If I have misjudged you, and you are hurting people on purpose, then please let me know and I will be happy to retract my belief. But until you tell me that you truly see how much damage you are doing, and that you don’t care, I will continue to believe that you are not doing this out of spite, but out of not being able to see the impact of your actions.

Previously, Ginger Taylor denied telling people in the autism community that my autism was the explanation for my criticisms of her former employer, Mark Blaxill, but now she has expressed her bigotry directly to me, in a Facebook message that defies logic. She offers only two explanations for my criticisms: 1) “spite” and 2) my autism – while never actually addressing any of the issues I have raised with her or others in Canary Party.

Since my first article on how the Coalition for SafeMinds‘ hijacking of the congressional hearing was published last February, Mark Blaxill waited five months to publicly address any of the revelations about his role in undermining the hearings, and only then in response to similar concerns raised by philanthropist Barry Segal on Age of Autism – the website Blaxill both edits and sponsors. In his comments, he gave contradictory information about his relationship with the lobbyist working under him prior to the last hearing and then called my reporting about his role “delusional overall.” He also said he refused to address any such criticism of him again.

Now added to the long and growing list of reasons Canary Party should be shut out of the congressional autism hearings permanently is Vice President Ginger Taylor’s admitted bigotry against people with autism. Her willingness to dismiss them for their views is characteristic of the dismissals by Canary Party and affiliated groups pertaining to criticism of their activities within the months since the November hearing. Such bigotry compromises Canary Party’s entire leadership.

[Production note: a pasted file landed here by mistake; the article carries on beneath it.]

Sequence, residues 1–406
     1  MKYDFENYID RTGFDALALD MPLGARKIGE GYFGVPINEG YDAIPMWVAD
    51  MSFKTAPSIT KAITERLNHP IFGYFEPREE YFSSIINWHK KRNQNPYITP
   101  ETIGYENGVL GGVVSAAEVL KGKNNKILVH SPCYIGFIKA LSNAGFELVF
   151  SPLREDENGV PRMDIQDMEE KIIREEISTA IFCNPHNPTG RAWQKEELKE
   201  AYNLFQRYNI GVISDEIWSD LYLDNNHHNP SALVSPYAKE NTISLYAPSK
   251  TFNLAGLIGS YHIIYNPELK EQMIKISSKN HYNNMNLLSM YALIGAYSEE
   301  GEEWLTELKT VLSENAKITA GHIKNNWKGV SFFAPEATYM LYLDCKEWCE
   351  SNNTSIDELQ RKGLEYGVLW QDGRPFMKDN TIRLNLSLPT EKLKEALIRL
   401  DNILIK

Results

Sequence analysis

Over the years, Mark Blaxill has directly accused at least one other critic (Jonathan Mitchell, via email), of irrational thinking due to his autism. Last spring, I learned that both Mark Blaxill and Ginger Taylor were using my autism to discredit me. It now seems that Blaxill is letting his subordinate do his dirty work for him.

Jake Crosby is editor of Autism Investigated and is diagnosed with an autism spectrum disorder. He is a 2011 graduate of Brandeis University with a Bachelor of Arts in both History and Health: Science, Society and Policy and a 2013 graduate of The George Washington University School of Public Health and Health Services with a Master of Public Health in Epidemiology. He currently attends the University of Texas School of Public Health where he is studying for a Ph.D. in Epidemiology.

Editor of Autism Investigated Earns MPH in Epidemiology

Dear Readers,

It is now official; I have earned a Master of Public Health degree in epidemiology from The George Washington University School of Public Health and Health Services. I would like to take this opportunity to thank my readers for their continued support and insight – those who have followed my work and continue to follow my work even after I began my own website. You have contributed to an interactive and lively discussion here at Autism Investigated that is badly needed, but sadly not possible at other blogs.

In the meantime, I am a Ph.D. student concentrating in epidemiology at the University of Texas School of Public Health. It is regrettable that posts have been quite sparse over the past month – the reasons being largely due to travel and becoming adjusted to my new program. However, rest assured that Autism Investigated is still alive and well and will continue to deliver independent investigations uncovering the who, what, when, where and why of the autism epidemic.

Sincerely,

Jake Crosby, MPH

Editor of Autism Investigated

How Dan Olmsted and David Kirby Helped Kill A Landmark Autism Lawsuit

Justice-Denied-IPI

By Jake Crosby

It may sound bizarre, but that is exactly what happened when journalists Dan Olmsted and David Kirby interfered with Coalition for Mercury-Free Drugs’ Reverend Lisa Sykes’ 2008 personal injury lawsuit against drug companies Bayer, Wyeth and GlaxoSmithKline. Incredibly, Olmsted and Kirby were persuaded to co-write a letter that took the side of the drug companies against Sykes’ case. Even more bizarre was who successfully appealed to Olmsted and Kirby to support Bayer: vaccine industry mainstay blogger Dr. David Gorski, via an open letter on “Science”Blogs. (He would later accept direct funding from Bayer: a 30,000-euro grant according to Gorski himself.)